Upside-Down Thinking by Patric Fransko
by Patric Fransko
October 14th, 2015

How to Get an ROI on Your AdWords Campaign

Many of you are currently using Google AdWords to help your company make it on page one of a Google search. This is a worthwhile marketing practice, and I encourage you to continue—and improve upon your tactics.adwords

Take “PJ’s Window Tinting,” for example. Here are two mistakes he made and how he can improve:

  1. He Used Non-Differentiated Ads / Landing Pages

The first piece of advice I have for PJ’s is to create three different campaigns: one each for auto, residential and commercial tinting. I often see businesses running one ad that talks about auto, home and office window tinting all in the same ad. These are dramatically different sectors that should be targeted uniquely. These ads should be created with that specific customer in mind. The automotive ad should have text and keywords that are specific to automotive tinting. This will cost you no additional money as you would just take the budget you set for running one general ad and split it into running three distinct ads.

The other thing that you want to make specific is the page that the person lands on when they click the ad. The automotive ad should take the prospect directly to the automotive page of your website, the residential ad should take you to the residential page, etc. You shouldn’t shuffle everyone to your home page. This is a common error that will likely cause some visitors to leave your website before even looking around. If someone’s clicking on your commercial window tinting ad, they don’t want to see pictures of cars and homes when they arrive at your page. They may assume that they clicked on a non-relevant link and “bounce” from your page before looking any further. If they’re clicking a commercial ad, take them directly to the commercial content.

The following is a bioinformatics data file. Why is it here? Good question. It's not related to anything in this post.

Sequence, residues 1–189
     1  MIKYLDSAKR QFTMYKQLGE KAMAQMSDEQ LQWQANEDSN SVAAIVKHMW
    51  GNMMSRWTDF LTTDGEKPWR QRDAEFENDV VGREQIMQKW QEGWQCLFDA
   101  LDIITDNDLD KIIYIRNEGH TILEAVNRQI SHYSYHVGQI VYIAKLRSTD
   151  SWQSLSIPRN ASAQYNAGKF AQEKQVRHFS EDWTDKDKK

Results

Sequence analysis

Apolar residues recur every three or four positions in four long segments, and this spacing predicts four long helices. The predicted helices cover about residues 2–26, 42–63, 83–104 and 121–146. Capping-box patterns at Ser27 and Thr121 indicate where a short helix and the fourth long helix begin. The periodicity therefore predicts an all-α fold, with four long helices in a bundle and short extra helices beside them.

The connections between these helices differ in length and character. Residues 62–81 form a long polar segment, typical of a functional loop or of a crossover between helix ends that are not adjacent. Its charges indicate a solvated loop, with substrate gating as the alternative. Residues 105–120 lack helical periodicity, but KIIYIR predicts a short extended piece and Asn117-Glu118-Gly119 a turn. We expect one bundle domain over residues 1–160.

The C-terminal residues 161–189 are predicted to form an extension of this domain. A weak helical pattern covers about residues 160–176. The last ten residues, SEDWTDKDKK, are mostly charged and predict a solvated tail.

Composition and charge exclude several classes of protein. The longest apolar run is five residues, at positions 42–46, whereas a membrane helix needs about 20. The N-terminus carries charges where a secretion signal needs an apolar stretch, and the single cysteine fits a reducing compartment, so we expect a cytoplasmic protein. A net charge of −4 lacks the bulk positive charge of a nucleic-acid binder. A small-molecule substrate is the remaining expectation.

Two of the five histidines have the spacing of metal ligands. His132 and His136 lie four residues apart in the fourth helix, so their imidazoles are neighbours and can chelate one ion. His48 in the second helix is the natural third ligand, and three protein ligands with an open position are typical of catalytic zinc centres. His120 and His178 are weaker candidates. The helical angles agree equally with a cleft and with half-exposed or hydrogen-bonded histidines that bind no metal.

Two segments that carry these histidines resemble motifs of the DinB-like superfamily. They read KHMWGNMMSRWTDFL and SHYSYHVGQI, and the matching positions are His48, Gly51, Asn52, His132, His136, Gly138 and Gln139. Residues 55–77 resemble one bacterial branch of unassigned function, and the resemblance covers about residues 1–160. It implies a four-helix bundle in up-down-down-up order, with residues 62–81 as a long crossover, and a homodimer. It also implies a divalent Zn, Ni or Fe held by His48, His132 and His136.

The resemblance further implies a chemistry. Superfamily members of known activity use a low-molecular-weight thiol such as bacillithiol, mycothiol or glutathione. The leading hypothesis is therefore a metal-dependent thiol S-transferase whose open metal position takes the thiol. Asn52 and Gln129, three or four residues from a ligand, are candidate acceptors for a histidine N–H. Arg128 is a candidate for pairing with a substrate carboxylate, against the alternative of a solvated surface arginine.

1. He Had Too Broad of an Audience

 PJ’s was using a radius of 25 miles from their location as the targeting area. That’s too broad and if you’re doing that, you’re likely wasting money.

Google allows you to target your campaigns down to individual zip codes, and you should take advantage of this. Rather than just picking your town and having a radius of 25 miles, be more specific. There may be areas within that radius that you know are not good prospective areas for your services. By choosing zip codes, you’re controlling exactly where the ads will be shown. The more specific you can be to the areas you want to target, the less money you’ll waste.

Heading into the fall and winter, advertising budgets often get tight. Hopefully, like PJ’s, you will find that implementing these two tips into your Google AdWords campaigns will enable you to get a much better return on the budget you have allocated.

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  1. What else can be done for more specific targets?

  2. Lots of money is wasted on Google ads. Most advertizers don’t know what you are doing.
    To become a expert one has to spend a lot if time studying the process and keeping one’s eye on the results and returns.
    Its easy to to pay for clicks ,but are they real prospects or just interested people trying to find out more?
    Trust me it’s a very tricky business. Leon Levy Klingshield South Africa

  3. I agree Leon that someone should take the time to learn to do it correctly, but it can be done. Google wants to help people get good results as they know that is what will inevitably keep people advertising.

    If i want to “Hyper-Target” Gaurav, I use Facebook dark posts for that. I do not think that the Google data is as good as Facebook’s when I want to get really granular. That is my $.02

  4. Some great points in your post. It’s also worth pointing out that it’s really important to keep an eye on the Adwords search term report, so you can keep adding negative keywords (free, for instance) so you’re getting in front of a more relevant audience.

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